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What departments draw the most blood?

Nurses   (381 Views | 9 Replies)

998 Profile Views; 21 Posts

Hello, I am wondering which departments/specialties draw the most blood. I am a pre-nursing student working as a Nursing Assistant and have found that I love venipuncture. I’m wondering what departments or specialties might put this skill to work most? At this point—to back track to phlebotomy school wouldn’t make sense (though it’s tempting...) but I am curious if there is a nursing front that might use this skill more often than others! Thank you in advance...

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speedynurse is a RN, EMT-P and specializes in ER.

110 Posts; 428 Profile Views

The emergency department!!! 

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11 Followers; 3,878 Posts; 30,540 Profile Views

Ambulatory oncology. 

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9 Posts; 31 Profile Views

If you like the challenge of finding a vein, get your RN and become a Vascular Access/PICC nurse.

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CharleeFoxtrot has 7 years experience as a ADN, RN.

665 Posts; 8,598 Profile Views

5 minutes ago, SweetElla said:

If you like the challenge of finding a vein, get your RN and become a Vascular Access/PICC nurse.

^ this is excellent advice!

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iluvivt has 32 years experience as a BSN, RN and specializes in Infusion Nursing, Home Health Infusion.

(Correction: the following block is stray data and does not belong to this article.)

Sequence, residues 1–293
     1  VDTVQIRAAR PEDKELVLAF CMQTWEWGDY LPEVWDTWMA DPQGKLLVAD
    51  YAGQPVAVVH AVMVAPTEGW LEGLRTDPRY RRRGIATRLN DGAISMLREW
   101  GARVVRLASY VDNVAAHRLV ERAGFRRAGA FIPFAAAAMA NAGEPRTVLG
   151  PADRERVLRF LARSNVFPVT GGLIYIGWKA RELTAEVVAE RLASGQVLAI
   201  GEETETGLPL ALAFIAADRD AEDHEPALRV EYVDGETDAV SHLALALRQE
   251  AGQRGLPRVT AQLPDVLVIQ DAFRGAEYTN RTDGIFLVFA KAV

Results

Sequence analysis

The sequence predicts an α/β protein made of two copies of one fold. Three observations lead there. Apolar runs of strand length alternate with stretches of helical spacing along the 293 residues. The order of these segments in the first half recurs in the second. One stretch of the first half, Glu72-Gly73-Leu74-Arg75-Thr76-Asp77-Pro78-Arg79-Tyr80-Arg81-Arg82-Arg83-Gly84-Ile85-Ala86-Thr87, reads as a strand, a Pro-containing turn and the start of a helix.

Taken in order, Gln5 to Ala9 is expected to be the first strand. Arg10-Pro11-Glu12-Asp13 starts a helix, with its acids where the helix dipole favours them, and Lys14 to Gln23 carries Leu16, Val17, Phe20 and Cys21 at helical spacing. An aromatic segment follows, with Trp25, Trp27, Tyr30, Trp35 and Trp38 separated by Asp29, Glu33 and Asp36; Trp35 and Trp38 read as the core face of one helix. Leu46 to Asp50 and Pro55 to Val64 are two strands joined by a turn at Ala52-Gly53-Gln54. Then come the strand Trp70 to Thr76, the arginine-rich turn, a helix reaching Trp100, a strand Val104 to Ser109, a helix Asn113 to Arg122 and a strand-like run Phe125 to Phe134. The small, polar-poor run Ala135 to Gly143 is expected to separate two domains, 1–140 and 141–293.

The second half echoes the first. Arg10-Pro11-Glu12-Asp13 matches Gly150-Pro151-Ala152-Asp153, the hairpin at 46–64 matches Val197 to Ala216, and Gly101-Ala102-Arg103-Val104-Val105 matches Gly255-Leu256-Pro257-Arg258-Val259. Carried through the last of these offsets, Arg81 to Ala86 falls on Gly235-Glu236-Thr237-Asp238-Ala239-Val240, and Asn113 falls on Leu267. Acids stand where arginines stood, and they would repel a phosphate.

2,738 Posts; 25,186 Profile Views

If you love venipuncture like I did then yes,become an IV specialist as suggested. I also love pharmacology especially IV medications and anything given IV.This has been an an excellent compliment to my practice.

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Been there,done that has 33 years experience as a ASN, RN.

5 Followers; 6,340 Posts; 70,485 Profile Views

It's all good if you have that skill. But it is not something to focus on.  Much to learn grasshopper, get over the thrill of blood return.

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1,269 Posts; 8,229 Profile Views

I draw a lot of blood in the ICU, but most of my patients have central lines, PICC lines, or art lines.  I had q4 cbcs and lactates today along with q2 abg.  But, I had an art line.

I just love to draw labs to analyze numbers.

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49 Posts; 1,371 Profile Views

It depends what state you're in but for most you don't need need any sort of certificate or licensure to work as a phlebotomist. If you already know the basics from working as a CNA if you are interested you could just apply to the phlebotomy department, the hospital I work at hires people with no experience; they say they "require" experience on their application but I've never seen them hire anyone with experience because they refuse to offer higher pay for experience 🤡. I am working as an inpatient phlebotomist now, I was a CNA before, but I was getting burnt out, it's a good change of pace. 

It's a greaaaat skill, I just got my acceptance to nursing school and I'd like to think my IV game will be on point, I can already draw blood cultures & a rainbow from a stone. Honestly I feel pretty bad for our patients, our hospital hires a lot of new nurses who aren't allowed to practice on each other OR draw blood during their clinicals for BS CYA liability reasons and then they go on to massacre patients with huge veins trying to get in an IV. The patients are angry, but at the same time it's also not really the new nurses fault either. 🙈Knowing how to find veins will get you far. 

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klone has 14 years experience as a MSN, RN and specializes in Women's Health/OB Leadership.

6 Followers; 13,573 Posts; 119,286 Profile Views

I'd guess ED, ICU, and L&D

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